In arguing for an unenforceable penalty clause, the defendant referred to the Dunlop case and then further suggested that assistance be derived from the approach in Murray v Leisureplay Plc [2005] EWCA Civ 963, where Arden LJ set out a five-stage test to determine whether a clause was a penalty:

  1. To what breaches of contract does the contractual damages provision apply?
  2. What amount is payable on breach under that clause in the parties' agreement?
  3. What amount would be payable if a claim for damages for breach of contract was brought under common law?
  4. What were the parties' reasons for agreeing the relevant clause?
  5. Has the party who seeks to establish that the clause is a penalty shown that the amount payable under the clause was imposed in terrorem, or that it does not constitute a genuine pre-estimate of loss for the purposes of the Dunlop case, and, if he has shown the latter, is there some other reason which justifies the discrepancy between (ii) and (iii) above?

The CA rejected the restrictive approach in Murray. Instead the CA cited an earlier Hong Kong case Ip Ming Kin v Wong Siu Lan (unreported, 28 May 2013, CA, CACV 201/2012) as support for adopting a broader approach. If the Court had adopted the restrictive approach in Murray, it would have been necessary to adduce evidence and calculate damages. The CA held this would have been inconsistent with the purpose of a liquidated damages clause, which was precisely to dispense with the need to adduce evidence and calculate damages.

It is not clear whether in adopting the broader approach the Court would go as broad as the approach taken in Cavendish Square Holding BV v Talal El Makdessi; ParkingEye Limited v Beavis [2015] UKSC 67, which now represents the current law on penalty clauses in England & Wales. The Supreme Court found that penalty clauses should be determined based on whether the innocent party's legitimate interest in enforcing the counterparty's contractual obligations were "out of all proportion". While it could be potentially more flexible than the traditional test, the Cavendish test has not been formally considered by the Hong Kong Courts.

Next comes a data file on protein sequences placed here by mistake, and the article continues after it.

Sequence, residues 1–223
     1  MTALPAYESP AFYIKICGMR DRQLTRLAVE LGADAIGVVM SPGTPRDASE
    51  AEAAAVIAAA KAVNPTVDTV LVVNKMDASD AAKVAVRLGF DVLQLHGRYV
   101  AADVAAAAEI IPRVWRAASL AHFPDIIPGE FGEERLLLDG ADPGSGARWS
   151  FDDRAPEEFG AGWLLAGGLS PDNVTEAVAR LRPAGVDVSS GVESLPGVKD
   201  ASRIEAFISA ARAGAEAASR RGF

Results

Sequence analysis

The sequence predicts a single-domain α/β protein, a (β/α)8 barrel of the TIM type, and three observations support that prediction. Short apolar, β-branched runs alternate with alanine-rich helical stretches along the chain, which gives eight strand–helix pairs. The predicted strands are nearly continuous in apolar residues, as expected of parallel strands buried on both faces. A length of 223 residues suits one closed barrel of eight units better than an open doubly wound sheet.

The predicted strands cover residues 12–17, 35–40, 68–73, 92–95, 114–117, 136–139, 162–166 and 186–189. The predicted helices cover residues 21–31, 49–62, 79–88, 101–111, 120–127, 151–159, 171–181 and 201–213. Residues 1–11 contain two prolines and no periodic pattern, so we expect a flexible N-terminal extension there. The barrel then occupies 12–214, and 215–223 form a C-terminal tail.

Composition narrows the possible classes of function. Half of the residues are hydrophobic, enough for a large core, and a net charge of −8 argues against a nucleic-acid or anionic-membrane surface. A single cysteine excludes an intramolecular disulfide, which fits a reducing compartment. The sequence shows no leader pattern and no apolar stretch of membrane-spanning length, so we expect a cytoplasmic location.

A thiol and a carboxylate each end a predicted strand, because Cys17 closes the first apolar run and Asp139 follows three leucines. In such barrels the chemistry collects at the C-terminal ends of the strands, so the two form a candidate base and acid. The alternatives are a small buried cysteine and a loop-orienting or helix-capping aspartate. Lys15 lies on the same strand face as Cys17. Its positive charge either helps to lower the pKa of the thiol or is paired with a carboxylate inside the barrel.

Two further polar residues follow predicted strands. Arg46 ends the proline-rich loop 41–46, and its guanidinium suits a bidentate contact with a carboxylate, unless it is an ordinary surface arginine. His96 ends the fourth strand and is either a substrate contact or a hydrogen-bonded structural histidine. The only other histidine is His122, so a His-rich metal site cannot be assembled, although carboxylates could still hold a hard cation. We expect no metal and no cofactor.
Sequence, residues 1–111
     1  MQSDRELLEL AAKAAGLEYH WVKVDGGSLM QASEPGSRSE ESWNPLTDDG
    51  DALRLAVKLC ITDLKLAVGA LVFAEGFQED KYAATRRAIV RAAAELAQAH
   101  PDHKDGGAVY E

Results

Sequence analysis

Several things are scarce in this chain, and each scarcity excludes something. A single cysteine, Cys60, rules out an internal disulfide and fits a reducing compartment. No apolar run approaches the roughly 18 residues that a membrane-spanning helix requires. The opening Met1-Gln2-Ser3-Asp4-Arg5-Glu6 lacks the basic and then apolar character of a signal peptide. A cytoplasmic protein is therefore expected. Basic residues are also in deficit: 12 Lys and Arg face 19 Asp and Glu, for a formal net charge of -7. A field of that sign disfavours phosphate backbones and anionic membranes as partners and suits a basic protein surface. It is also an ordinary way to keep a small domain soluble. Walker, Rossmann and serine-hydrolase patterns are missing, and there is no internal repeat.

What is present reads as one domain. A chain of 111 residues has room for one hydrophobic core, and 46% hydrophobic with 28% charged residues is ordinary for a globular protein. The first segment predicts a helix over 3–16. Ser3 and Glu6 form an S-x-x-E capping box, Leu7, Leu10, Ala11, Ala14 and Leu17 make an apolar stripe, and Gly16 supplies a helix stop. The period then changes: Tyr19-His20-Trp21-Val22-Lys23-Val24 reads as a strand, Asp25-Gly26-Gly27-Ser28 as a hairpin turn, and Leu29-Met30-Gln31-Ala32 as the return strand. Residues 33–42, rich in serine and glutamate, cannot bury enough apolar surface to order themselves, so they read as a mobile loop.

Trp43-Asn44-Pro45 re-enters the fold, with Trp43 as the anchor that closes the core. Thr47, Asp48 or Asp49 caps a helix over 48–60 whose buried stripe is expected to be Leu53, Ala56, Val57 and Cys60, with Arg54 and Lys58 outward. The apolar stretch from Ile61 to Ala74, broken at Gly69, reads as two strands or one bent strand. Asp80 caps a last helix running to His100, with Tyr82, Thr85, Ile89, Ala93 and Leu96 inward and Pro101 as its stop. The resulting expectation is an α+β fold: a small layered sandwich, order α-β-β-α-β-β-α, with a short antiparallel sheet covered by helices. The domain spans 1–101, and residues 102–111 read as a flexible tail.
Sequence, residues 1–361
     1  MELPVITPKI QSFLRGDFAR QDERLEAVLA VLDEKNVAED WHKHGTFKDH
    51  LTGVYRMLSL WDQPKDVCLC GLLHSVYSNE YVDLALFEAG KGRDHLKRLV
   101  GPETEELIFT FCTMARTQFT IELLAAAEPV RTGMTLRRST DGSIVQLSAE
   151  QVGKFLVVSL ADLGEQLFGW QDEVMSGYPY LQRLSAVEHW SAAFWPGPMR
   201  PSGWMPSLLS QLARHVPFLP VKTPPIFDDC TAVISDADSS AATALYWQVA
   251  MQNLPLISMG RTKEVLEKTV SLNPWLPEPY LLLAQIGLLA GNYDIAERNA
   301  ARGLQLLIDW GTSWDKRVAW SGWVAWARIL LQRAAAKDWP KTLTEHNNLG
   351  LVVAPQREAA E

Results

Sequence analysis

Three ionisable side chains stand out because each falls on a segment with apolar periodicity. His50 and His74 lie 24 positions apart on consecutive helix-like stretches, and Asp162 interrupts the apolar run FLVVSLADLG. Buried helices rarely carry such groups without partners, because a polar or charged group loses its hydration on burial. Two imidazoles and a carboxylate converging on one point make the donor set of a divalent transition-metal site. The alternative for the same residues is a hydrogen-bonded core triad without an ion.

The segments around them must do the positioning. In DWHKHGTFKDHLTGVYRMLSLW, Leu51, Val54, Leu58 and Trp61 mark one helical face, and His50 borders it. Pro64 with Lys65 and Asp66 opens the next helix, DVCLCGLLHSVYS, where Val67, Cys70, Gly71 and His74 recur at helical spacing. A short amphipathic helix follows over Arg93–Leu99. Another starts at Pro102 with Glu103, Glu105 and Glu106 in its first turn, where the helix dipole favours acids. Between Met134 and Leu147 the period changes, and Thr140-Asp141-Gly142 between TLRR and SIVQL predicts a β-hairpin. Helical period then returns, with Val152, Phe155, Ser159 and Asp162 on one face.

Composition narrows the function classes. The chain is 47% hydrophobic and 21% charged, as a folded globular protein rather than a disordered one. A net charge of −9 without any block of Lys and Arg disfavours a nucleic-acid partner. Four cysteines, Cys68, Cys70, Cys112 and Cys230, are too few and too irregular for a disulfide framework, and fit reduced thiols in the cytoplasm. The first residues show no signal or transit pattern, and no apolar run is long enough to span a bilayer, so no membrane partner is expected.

Hence, the traditional "genuine pre-estimate of loss" test from Dunlop and its guidelines remain in place at least for the time being. Even so, the CA in Brio did consider that the determination of a penalty clause was "a question that should be considered in broad and general terms". This may prompt future decisions to move towards Cavendish.

The key takeaways

  • The law on penalty remains as it has been for Hong Kong contracts.
  • Consider at the stage of negotiating a liquidated damages clause whether the amount stipulated in the clause is a genuine pre-estimate of the loss that is likely to occur.
  • Where a genuine pre-estimate is not possible, consider whether the amount can be commercially justified.
  • Be sure to maintain a record of all the negotiations (oral and written) and the commercial factors that the parties have considered which go to justifying the stipulate amount.
  • Where possible, avoid a single amount that is payable irrespective of whether the loss is minor or of a greater magnitude.